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The Script: Classic Elegance

The Script: Classic Elegance

Photography By Alise O’Brien

“The client is the script,” according to interior designer Marshall Watson. He may not live in St. Louis, but his connections have deep roots, and bring him to the area monthly. A Kansas City native, he’s worked in more than 20 St. Louis homes, including a stunning Ladue home, built originally in the 1920s by the esteemed architect George Hellmuth.

The homeowner says it was intended to be a country home for duck hunting, and was the first Hellmuth home to be built outside of the Central West End. She is the third owner since then. “We’ve all kind of done our little things with it although the house is just about exactly the same as when it was built. So we’ve added some light fixtures and upgraded the bathrooms but really we’ve been keeping with the style of the 1920s.”

Watson adds, “I tried to get out of the way of decorating. The house was so beautiful in and of itself. It was just all you needed in that house was to reveal the bones- you didn’t want to clutter it up too much.”

Despite being surrounded present day by suburbia, the property itself is still very much a countryside. Even though trees were moved to help create a front entrance and terrace designed by the late Brooks Critchfield, there are still foxes, raccoons, even geese across the eight acres, but also a pool and pool house, tennis court, extensive gardens by Rand Rosenthal Design, and then of course the classical elegance of the living space: 9,000 square feet total, including the 3,000 in the basement.

The living room is where the homeowner enjoys entertaining, reading, holding meetings and relaxing. Watson says, “These were originally called living rooms and they’re meant to be lived in. We had this beautiful oak paneling that we restored and we actually added on to some of the paneling in there and it has a warm cozy wintery feel to it. It’s a room that you can really snuggle up in.”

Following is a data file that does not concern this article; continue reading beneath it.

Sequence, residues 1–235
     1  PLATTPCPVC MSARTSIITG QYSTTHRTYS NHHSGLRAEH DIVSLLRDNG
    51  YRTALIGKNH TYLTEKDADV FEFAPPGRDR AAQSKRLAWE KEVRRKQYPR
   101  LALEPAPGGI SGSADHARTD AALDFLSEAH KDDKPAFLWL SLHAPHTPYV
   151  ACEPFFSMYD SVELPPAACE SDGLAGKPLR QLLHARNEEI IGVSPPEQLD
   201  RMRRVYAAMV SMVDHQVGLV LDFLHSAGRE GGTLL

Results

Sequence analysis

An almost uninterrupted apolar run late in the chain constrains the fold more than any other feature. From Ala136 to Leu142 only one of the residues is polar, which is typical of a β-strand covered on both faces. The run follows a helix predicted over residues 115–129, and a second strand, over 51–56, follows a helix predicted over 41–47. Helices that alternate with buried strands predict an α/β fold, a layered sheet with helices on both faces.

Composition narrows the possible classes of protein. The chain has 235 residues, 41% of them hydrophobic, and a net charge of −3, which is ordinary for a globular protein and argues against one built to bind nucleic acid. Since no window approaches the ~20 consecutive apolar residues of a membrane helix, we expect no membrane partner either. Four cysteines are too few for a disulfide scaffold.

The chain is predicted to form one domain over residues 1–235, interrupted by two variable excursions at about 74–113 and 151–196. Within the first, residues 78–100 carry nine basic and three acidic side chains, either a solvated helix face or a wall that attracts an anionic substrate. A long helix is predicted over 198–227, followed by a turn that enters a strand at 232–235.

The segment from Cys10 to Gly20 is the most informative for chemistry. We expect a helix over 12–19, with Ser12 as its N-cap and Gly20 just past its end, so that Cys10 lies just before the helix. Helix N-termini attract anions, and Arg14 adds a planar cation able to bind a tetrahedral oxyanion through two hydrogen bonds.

The kitchen’s breakfast room was also converted into a cozy area with creative refrigeration built into the cabinets. It was originally a kitchen and two bedrooms for the housekeepers, but the previous homeowners changed it into a rectangular shaped kitchen and an office and a breakfast room. Watson says, “A lot of people think if you have a big family you have to have lots and lots of space but I find that people really gravitate toward smaller cozier spaces, they don’t want big enormous rooms that they can’t feel comfortable and burrowed into- they want to sit down and read a book.”

Watson has a passion for researching the homes he designs in terms of how the owners live, the architecture where the project is and the location and culture surrounding the area.

“Marshall has a style that’s all his own, he loves symmetry and his forte is sense of proportion and scale and historical reference, and he takes that with him wherever he goes. So if he’s in St. Louis, he’s in St. Louis, if he’s in Mexico he is tapping into Mexican culture and design ideas. It’s not like you have the same looking house wherever you go- you have a house that is in keeping with its area and its culture.”

Watson brought in Judy Mulligan from New York for stenciling in the entryway, along with a curtain maker who has worked with him for 30 years. Mulligan’s husband was commissioned to do a mural of Lake Como in the homeowner’s bedroom which also features a Trumeau mirror over the French fireplace.

The homeowner first met Watson at an arts and antiques show in the 90s, and now calls him one of her dearest friends. Watson says he has been fortunate in his career of more than 30 years, having worked with clients in Sweden, California, Hawaii, New York, Kansas City, Palm Beach and Mexico. He has a furniture collection and his own outdoor rug line. He lists nearby Moehsmer Upholstering as the best in the country, along with Theiss Plating and iron monger Don Asbee who replicated lanterns and the iron within the Ladue home. He also loves working with contractor Steve McMillan.

Trained in theater and theater design, Watson states, “You don’t design a Neil Simon comedy like a Chekhov play, you’re taught that you have to really understand the period of the location, the script of your client, you have to understand the locale: I have to understand St. Louis, I have to know what kind of craftsmanship went into it before in order to realize and expand on that. The client is the script.”

Marshall Watson, author of The Art of Elegance: Classic Interiors, designs without a personal signature. He says, “I absent myself in the greatest possible extent so that each project is about realizing and refining my client’s most heartfelt fantasy.”

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